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The novel coronavirus is exacerbating an old division at the San Diego Fire-Rescue Department between the lifeguards and the chiefs who oversee them.
Four lifeguards have tested positive in recent days for COVID-19, a department spokeswoman confirmed, a relatively high number among emergency responders. As of Wednesday, the firefighters had one positive test. The fire side of the department has about three times the number of employees throughout the year.
The lifeguards have long resented their inclusion under the city’s Fire-Rescue Department, and argue they have different skillsets and responsibilities that should warrant a standalone department. They’ve pushed back against talk in recent years of further integrating the lifeguards and firefighters — and unsuccessfully voted to separate themselves in 2017.
That same year, tensions between the union and the department erupted in the press over whether to send emergency responders to Texas following Hurricane Harvey. Then and now, management at the Fire-Rescue Department accused the lifeguard union of using a crisis to score political points.
As the coronavirus rages through communities and the city is preparing to take a massive hit to its budget, the lifeguards are also in the middle of negotiations for a new contract.
In a letter to the City Council on Monday, leaders at the California Teamsters Local 911, which represents the lifeguards in San Diego, argued that the Fire-Rescue Department wasn’t acting aggressively enough to stop the spread of disease within their ranks and asked that some of their workstations be professionally cleaned.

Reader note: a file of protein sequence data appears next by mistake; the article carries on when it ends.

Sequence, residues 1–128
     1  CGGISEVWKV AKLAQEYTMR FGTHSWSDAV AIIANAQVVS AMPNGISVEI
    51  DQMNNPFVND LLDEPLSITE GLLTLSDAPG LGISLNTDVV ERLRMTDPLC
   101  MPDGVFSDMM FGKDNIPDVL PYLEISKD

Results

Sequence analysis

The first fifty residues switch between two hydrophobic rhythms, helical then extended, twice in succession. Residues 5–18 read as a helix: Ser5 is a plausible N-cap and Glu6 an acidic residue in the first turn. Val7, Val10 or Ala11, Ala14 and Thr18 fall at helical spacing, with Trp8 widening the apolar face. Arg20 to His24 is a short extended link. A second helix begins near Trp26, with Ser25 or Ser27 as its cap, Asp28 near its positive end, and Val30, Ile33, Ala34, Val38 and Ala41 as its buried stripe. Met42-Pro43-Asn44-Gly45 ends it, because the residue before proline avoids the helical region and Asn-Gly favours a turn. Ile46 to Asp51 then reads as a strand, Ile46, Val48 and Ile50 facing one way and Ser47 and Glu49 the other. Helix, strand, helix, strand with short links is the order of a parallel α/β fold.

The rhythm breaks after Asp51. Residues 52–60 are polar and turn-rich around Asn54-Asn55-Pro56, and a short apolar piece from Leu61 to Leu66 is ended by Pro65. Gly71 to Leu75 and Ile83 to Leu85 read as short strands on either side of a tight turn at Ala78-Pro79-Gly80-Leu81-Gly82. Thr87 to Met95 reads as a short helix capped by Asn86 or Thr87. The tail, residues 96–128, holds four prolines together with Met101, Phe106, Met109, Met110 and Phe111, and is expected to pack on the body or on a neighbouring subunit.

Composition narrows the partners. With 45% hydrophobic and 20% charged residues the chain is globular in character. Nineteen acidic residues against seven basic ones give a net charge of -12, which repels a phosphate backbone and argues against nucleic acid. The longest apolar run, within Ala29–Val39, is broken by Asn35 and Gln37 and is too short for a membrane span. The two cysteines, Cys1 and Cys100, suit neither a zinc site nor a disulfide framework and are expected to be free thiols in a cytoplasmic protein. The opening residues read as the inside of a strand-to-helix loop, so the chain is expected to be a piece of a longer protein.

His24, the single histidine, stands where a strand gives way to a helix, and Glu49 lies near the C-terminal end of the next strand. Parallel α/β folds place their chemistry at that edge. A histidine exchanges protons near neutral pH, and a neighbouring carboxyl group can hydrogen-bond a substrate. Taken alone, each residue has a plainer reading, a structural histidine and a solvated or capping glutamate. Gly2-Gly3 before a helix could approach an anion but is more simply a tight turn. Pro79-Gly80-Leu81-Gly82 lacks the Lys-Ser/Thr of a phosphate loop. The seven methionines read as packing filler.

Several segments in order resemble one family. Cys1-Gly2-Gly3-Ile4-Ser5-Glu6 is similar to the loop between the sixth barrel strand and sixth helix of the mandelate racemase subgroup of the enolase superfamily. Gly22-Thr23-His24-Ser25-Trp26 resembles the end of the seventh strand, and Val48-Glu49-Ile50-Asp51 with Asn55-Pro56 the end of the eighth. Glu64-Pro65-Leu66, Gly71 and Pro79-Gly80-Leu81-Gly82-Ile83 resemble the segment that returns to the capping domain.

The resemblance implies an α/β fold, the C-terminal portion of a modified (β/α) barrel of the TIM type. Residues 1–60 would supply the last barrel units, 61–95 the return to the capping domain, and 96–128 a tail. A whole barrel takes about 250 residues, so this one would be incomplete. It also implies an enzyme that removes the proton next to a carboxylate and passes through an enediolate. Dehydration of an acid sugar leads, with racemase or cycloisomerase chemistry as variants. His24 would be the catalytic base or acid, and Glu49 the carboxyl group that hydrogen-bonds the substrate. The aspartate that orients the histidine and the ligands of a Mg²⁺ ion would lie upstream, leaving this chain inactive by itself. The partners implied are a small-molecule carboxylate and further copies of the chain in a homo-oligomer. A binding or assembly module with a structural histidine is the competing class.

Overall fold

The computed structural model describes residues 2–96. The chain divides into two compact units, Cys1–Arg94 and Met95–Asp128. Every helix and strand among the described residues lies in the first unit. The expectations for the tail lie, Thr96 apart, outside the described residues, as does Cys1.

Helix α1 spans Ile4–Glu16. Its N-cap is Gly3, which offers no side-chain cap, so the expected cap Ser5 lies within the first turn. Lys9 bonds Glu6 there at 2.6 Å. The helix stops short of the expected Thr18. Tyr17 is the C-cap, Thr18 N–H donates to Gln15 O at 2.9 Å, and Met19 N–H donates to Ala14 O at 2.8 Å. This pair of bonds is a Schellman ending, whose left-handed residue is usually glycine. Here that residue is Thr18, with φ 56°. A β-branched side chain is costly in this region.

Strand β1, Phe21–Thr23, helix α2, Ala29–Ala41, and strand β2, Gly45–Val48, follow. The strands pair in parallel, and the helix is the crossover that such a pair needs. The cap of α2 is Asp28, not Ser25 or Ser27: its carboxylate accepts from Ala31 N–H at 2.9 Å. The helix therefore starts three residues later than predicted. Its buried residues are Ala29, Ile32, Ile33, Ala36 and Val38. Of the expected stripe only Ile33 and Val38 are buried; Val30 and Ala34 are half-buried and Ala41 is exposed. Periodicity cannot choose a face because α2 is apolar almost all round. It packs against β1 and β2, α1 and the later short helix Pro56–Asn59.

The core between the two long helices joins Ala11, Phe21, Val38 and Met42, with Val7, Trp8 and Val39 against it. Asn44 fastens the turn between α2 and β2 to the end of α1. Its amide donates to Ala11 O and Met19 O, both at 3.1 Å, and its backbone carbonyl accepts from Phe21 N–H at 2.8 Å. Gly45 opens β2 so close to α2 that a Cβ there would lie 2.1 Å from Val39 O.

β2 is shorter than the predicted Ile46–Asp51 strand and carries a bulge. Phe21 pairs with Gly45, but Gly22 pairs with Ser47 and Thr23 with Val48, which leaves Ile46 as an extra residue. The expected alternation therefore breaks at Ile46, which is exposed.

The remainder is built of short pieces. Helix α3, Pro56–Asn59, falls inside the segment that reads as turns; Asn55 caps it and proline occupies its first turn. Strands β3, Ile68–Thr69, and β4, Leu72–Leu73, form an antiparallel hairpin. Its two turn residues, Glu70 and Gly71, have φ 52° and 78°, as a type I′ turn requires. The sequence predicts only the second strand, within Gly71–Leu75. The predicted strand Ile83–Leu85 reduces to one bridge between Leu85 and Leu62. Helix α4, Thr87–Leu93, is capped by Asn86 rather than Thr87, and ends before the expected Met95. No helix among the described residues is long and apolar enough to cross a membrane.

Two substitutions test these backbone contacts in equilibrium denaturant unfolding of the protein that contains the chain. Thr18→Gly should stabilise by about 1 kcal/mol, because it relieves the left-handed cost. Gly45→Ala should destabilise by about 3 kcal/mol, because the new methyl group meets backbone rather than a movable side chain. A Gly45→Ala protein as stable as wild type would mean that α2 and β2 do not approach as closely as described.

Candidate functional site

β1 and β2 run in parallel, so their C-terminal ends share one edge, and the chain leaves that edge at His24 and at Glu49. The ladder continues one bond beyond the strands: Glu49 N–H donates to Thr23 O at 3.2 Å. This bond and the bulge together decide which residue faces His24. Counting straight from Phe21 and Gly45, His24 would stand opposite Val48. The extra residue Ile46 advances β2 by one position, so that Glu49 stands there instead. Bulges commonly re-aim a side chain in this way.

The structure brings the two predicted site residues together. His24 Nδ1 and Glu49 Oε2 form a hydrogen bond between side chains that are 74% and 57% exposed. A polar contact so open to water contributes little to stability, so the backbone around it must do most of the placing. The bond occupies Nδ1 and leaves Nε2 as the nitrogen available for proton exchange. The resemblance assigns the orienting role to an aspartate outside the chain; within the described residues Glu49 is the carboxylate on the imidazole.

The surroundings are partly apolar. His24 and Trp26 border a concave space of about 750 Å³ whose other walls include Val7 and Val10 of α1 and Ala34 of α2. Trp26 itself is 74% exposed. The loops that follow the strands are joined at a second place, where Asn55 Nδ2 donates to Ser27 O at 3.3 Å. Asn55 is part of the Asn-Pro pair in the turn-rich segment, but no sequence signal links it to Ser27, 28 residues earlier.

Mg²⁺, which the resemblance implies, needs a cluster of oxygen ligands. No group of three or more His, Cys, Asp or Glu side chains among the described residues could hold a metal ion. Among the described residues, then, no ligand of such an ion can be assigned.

Last week, the Fire-Rescue Department cancelled its academy for returning summer lifeguards and quarantined the entire class of 15 after two cadets showed COVID-19 symptoms. Then the city reversed course two days later and decided to stop quarantining employees who did not show signs of COVID-19 but who had been exposed to known patients.
In a video with physicians and other officials, Fire Chief Colin Stowell explained that he was following instructions from state, county and Centers for Disease Control and Prevention officials and adopting the same guidelines used by other fire agencies throughout the region.
Chris Vanos, head of the San Diego lifeguard union, was supportive of those changes at the time and appeared in the video announcing the new quarantine protocols on March 25. Two days later, though, the number of confirmed COVID-19 cases among the lifeguards went from zero to four.
Vanos and Ed Harris, a veteran lifeguard and union steward, now argue that the CDC’s guidelines were just that — guidelines — and there’s nothing stopping the department from pulling more people out of rotation. By all accounts, the lifeguards and the firefighters have an adequate number of people to continue providing emergency services.
Beaches are closed, but lifeguards continue to observe and patrol the shoreline and help vessels in the water. They’ve been regularly cleaning up their own towers, which are fairly tight spaces.
Vanos said his intention by sending the letter wasn’t to point a finger in the middle of a public health emergency or put pressure on the city during labor negotiations, but to get some clarity on how officials were planning to protect the workforce and how they were keeping track of who might be sick. He wanted to request, he said, that the lifeguards scale back some of their responsibilities that might bring them into closer contact with one another.